High-frequency cross-border workers -the law is not an exact science

In his Opinion delivered on 29 July in Michael Dobersberger (C-16/18 ECLI:EU:C: 2019:638), Advocate General Szpunar, has suggested a logical interpretation of Directive 96/71/EC in regard to “high frequency” cross-border workers.

Go to the profile of Tanel Feldman
Aug 18, 2019
0
0

In his Opinion delivered on 29 July in Michael Dobersberger (C-16/18 ECLI:EU:C: 2019:638), Advocate General Szpunar, has suggested a logical interpretation of Directive 96/71/EC in regard to “high frequency” cross-border workers.

Where “there is a great diversity among authors in the modes which they have adopted of defining logic” (A System of Logic John Stuart Mill), the ECJ ruling is keenly awaited.

The case in the main proceedings

In performance of a contract entered with the Austrian Federal Railways (OBB), D GmbH an Austrian company provides on-board services (such as preparation and sale of food and drink), in trains operated by the OBB, departing from Budapest (Hungary) to Salzburg (Austria) or Munich (Germany). The trains stop in Vienna (Austria) and after reaching the terminus station return to Budapest.

By way of a subcontracting chain, via another Austrian company, D GmbH has passed on the contract to Henry am Zug a Hungarian company. To provide the service, Henry am Zug used its own workers, and workers employed by another Hungarian undertaking, which were hired out to the former in the posting country.

Mr Dobersberger, managing director of Henry am Zug, was found guilty on the basis of the fact that,  Henry am Zug, in its capacity as employer, (i) had not notified the posting to the competent Austrian authority  (ii) had not retained at the place of deployment the portable documents A1 (i.e. the social security subjection is not in question, but the obligation under the Austrian labour law to retain such documents), and (iii) had not retained at the place of deployment the employment contracts, proof of payment of wages and documents relating to the wage categories, in German.

The questions referred for a preliminary ruling

The questions referred to the ECJ by the Supreme Administrative Court of Austria, can be summarised as follows:

Whether the cross-border provision of services, such as the provision of food and drink to passengers, on-board service or cleaning services, on international trains, fails under the scope of Article 1(3) (a) Directive 96/71/EC (the first question).

Whether the rather laborious posting scenario, as the case at issue, fails under the scope of Article 1(3) (a) Directive 96/71/EC (the second and the third question).

Irrespective of the answer to the other questions, whether as the case at issue, the EU law, in particular the freedom to provide services (Article 56 and 57 TFEU) precludes national legislations from imposing obligations similar to these provided for in Directive 96/71/EC and its enforcement Directive 2014/67/EU (the fourth question).

Summary of  the Opinion delivered by AG Szpunar

In regard to the first question, the AG observes that the wording of Article 1 of Directive 96/71 is inconclusive for the problem at hand, and underlines the difficulty to assume that the workers are genuinely posted to the territory of Austria. The AG takes the view that the workers are rather posted “‘to the territory’ of the train which, as it happens, passes through Austria.”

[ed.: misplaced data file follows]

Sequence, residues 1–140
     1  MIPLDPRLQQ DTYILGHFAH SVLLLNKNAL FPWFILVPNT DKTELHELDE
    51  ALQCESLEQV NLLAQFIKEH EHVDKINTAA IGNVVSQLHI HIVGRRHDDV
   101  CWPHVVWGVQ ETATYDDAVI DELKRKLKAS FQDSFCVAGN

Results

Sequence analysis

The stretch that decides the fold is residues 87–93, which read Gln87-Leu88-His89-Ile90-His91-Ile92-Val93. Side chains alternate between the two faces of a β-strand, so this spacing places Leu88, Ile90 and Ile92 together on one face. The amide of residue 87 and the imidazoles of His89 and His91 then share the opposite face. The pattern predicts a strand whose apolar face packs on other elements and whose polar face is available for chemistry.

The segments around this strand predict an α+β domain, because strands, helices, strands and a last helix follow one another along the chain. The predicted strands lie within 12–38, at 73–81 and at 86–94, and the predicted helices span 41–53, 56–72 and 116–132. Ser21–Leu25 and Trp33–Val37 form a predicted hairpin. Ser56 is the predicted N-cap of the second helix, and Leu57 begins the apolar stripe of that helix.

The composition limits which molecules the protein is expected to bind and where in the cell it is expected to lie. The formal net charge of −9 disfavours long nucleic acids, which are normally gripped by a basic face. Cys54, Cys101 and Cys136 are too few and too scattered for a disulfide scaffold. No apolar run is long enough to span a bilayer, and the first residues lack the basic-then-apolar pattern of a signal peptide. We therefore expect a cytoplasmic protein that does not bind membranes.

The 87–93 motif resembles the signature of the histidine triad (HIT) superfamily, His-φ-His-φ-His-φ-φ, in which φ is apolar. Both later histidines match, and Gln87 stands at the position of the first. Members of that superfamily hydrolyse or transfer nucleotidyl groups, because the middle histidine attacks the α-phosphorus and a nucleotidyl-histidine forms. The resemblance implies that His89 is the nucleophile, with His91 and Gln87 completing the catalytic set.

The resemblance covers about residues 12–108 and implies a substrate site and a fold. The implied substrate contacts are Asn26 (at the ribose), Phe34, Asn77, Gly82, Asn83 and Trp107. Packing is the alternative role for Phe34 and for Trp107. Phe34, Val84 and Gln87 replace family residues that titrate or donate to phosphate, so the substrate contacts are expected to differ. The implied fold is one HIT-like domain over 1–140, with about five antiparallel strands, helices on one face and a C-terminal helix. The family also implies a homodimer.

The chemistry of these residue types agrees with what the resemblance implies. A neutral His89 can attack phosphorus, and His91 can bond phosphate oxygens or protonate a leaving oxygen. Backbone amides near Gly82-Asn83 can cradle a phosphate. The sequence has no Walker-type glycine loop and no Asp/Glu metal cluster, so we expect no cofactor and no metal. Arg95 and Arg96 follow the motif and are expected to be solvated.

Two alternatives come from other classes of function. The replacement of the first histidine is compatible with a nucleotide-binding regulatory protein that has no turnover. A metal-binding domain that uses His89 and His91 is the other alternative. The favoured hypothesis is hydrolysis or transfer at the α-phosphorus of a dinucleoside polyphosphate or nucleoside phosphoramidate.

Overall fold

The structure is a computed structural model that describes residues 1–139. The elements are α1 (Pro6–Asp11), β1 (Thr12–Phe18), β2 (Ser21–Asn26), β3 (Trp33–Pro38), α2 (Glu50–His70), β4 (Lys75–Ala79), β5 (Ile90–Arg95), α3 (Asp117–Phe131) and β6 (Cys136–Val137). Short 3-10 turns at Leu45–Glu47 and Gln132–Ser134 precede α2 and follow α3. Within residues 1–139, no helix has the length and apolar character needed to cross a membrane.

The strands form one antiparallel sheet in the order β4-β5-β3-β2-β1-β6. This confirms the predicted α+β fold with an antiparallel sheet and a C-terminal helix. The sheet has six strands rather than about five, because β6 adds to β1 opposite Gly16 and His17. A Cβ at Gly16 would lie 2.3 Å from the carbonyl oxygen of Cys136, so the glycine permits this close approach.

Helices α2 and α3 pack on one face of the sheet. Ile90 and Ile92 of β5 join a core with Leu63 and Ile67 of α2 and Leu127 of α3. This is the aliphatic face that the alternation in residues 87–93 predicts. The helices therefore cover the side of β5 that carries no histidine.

The AG concludes that the situation of “highly mobile workers” does not fit the logic of Directive 96/71/EC, merely because there is no country of destination of the service (or the country of origin and destination of the service is the same-Hungary).

AG Szpunar introduces in context the concept of immaterial place of work.

In regard to the second and the third question, and regardless the response to the first, the AG recalls that on the one hand, the posting takes place under a contract between a posting undertaking located in Hungary, and a recipient of services operating in Austria (it is thus irrelevant that there is no direct contract concluded between ÖBB the final recipient of services, and Henry am Zug the  company making the posting), and on the other hand, it is irrelevant that there is no employment relationship between Henry am Zug and the workers posted to Austria (see in the same context the Opinion delivered by Advocate General Wahl in Danieli & C. Officine Meccaniche SpA C-18/17 ECLI:EU:C: 2018:288).

The laborious posting situation fits the logic of Directive 96/71/EC, although does not fit its wording. The ratio decidenti is Article 56TFEU.

In regard to the fourth question, the measures imposed by the Austrian national legislation constitute a restriction to the freedom to provide services.

Considering the presumption that Directive 96/71/EC is not applicable in the case at issue, AG Szpunar takes the view that such a restriction cannot be justified by an overriding reason relating to the public interest. The logic is the “missing link with the territory of Austria”. With simple words, except for the duty to retain portable documents A1, the obligations laid down by the Austrian law, are in breach of Article 56 TFEU.

Go to the profile of Tanel Feldman

Tanel Feldman

Senior Partner , Immigration Law Associates

Immigration Law Associates provides services in the following areas of law: A- INTRA-EU MOBILITY -European Union Services: A1 Freedom to provide services : Social security and labour law -intra-EU mobility of employed and self-employed workers A2 Freedom of movement of persons : a) Citizenship of the Union and Member State nationality b) Entry and residence rights from the Citizens’ Rights Directive-c) Freedom of movement of workers B LEGAL MIGRATION- Belgium and Luxembourg : corporate and private immigration

No comments yet.